Cabot's Head
Lake Huron, Cabot and Cabotia by Henry Scadding, D.D., from "The Week" of November 18, 1892 (pdf)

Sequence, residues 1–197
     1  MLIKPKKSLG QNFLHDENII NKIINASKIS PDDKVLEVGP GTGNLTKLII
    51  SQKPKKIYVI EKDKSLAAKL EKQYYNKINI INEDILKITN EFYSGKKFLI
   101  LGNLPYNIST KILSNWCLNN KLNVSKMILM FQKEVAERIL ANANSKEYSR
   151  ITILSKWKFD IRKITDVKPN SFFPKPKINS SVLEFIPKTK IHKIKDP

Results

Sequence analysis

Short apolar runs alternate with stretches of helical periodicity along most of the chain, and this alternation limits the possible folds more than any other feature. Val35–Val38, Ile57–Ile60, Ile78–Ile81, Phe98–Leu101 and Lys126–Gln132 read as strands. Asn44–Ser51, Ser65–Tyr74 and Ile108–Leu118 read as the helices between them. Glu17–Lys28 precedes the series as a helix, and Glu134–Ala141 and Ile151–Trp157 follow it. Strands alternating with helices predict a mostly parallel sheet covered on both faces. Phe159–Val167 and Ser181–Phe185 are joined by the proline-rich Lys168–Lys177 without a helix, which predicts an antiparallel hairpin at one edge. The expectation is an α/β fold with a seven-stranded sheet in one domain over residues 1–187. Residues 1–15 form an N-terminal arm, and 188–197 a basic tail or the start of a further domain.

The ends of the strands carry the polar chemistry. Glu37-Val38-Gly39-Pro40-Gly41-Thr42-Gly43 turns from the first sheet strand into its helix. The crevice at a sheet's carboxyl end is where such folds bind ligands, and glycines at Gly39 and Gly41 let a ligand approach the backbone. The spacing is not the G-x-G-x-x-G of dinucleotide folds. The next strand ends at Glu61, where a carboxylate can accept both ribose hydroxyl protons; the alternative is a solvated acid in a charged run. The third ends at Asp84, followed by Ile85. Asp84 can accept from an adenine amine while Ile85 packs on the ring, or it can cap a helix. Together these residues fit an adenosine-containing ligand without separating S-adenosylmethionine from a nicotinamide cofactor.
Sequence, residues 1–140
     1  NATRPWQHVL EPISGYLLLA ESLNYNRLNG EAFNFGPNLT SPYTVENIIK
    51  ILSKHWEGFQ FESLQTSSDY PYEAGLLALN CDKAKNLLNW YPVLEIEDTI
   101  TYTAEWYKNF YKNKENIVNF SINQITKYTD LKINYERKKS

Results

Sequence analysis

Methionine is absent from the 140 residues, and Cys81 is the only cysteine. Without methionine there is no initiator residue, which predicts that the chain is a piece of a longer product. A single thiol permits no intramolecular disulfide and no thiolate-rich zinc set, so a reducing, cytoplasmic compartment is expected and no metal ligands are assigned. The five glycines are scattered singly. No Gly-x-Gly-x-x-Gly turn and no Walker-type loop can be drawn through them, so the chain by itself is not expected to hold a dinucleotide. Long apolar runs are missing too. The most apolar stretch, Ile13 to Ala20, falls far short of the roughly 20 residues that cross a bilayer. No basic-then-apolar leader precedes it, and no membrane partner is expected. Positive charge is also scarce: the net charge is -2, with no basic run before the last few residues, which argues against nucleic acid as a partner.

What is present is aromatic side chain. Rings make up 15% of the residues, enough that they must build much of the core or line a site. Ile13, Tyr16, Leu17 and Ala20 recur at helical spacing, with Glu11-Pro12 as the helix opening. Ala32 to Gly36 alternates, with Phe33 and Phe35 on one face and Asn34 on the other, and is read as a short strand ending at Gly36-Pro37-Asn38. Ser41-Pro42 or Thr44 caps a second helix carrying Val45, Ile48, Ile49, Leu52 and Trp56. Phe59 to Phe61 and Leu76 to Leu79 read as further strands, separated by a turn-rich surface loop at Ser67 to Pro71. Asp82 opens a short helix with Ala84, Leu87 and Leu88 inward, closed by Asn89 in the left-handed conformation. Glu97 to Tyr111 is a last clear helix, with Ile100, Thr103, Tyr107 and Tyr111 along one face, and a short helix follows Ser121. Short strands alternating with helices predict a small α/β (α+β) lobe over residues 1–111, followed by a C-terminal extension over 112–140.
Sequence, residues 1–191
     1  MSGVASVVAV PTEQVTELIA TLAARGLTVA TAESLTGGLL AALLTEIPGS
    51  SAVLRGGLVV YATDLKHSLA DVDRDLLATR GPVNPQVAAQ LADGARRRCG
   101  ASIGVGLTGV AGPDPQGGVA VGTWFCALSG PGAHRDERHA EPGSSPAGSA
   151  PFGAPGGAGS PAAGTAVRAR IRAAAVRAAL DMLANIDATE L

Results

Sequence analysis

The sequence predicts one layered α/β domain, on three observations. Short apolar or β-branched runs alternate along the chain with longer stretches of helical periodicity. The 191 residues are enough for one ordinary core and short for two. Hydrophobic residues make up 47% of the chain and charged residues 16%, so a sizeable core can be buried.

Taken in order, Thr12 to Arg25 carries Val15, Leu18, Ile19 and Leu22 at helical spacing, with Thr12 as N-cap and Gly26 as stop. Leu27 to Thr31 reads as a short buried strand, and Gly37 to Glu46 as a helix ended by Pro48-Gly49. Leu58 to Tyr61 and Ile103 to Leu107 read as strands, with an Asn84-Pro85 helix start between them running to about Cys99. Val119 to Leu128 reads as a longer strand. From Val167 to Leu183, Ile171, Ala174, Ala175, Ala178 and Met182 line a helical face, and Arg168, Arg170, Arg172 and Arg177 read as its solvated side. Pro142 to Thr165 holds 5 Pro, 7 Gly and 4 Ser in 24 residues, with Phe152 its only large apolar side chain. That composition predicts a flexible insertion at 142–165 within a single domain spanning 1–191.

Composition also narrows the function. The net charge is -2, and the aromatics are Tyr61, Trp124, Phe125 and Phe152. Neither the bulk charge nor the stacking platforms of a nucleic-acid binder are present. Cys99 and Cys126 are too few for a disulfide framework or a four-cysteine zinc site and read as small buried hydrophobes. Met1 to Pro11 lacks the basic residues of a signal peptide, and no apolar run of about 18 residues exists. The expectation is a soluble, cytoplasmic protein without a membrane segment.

Here I may say that the constitution of England, as it stood at the discovery of America, had nothing in its nature providing for colonies. The colonies have therefore at different periods of their growth experienced very different treatment. At first they were considered lands without the limits of the “realm of England,” and not annexed to it. The king assumed the right of property and government of the settlers, “his liege subjects,” to the preclusion of the jurisdiction of the State. The king called them “ his possessions abroad,” not parts and parcels of the realm, and as not yet under the Crown. Upon this assumption the colonies were first settled by the king’s licence, the governments established by Royal Charter, while the people emigrating to those colonies considered themselves out of the realm, and the king their only sovereign lord. This went on until the reign of Charles II., when Parliament asserted the right of government, and interfered in their regulation and guidance. So much for Britain’s right to North America. After the American revolution in 1776, the colonies preserved to England attained freedom from taxation, all duties, taxes, and assessments being paid to and for the use of the colony or province alone. The Colonial Office directed, but the colonies attained a liberal share of self-government.